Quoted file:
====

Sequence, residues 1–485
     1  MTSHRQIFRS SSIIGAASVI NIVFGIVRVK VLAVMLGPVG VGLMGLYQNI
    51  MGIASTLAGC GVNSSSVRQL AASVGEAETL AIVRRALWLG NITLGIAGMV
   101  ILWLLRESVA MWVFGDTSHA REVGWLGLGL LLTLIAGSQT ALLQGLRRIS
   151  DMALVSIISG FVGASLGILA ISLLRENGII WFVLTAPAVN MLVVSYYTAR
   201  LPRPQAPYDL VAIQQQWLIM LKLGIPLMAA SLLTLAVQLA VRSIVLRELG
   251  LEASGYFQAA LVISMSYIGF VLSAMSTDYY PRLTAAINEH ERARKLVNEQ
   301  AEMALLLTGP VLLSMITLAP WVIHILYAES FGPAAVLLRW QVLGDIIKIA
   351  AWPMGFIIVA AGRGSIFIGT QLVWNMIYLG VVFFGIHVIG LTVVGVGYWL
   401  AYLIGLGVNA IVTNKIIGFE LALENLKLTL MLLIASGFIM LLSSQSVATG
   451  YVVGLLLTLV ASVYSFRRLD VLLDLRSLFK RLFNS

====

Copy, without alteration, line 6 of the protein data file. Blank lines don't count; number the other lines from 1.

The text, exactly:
   201  LPRPQAPYDL VAIQQQWLIM LKLGIPLMAA SLLTLAVQLA VRSIVLRELG